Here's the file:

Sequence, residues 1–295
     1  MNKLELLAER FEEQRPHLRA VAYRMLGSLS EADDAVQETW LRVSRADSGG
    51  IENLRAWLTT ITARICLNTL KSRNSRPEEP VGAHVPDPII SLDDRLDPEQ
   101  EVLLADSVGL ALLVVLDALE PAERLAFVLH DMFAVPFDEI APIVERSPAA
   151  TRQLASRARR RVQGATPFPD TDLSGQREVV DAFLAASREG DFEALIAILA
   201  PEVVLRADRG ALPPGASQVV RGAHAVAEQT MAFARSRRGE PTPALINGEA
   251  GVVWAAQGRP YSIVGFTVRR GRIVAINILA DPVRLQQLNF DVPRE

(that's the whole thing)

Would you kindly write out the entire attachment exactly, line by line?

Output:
Sequence, residues 1–295
     1  MNKLELLAER FEEQRPHLRA VAYRMLGSLS EADDAVQETW LRVSRADSGG
    51  IENLRAWLTT ITARICLNTL KSRNSRPEEP VGAHVPDPII SLDDRLDPEQ
   101  EVLLADSVGL ALLVVLDALE PAERLAFVLH DMFAVPFDEI APIVERSPAA
   151  TRQLASRARR RVQGATPFPD TDLSGQREVV DAFLAASREG DFEALIAILA
   201  PEVVLRADRG ALPPGASQVV RGAHAVAEQT MAFARSRRGE PTPALINGEA
   251  GVVWAAQGRP YSIVGFTVRR GRIVAINILA DPVRLQQLNF DVPRE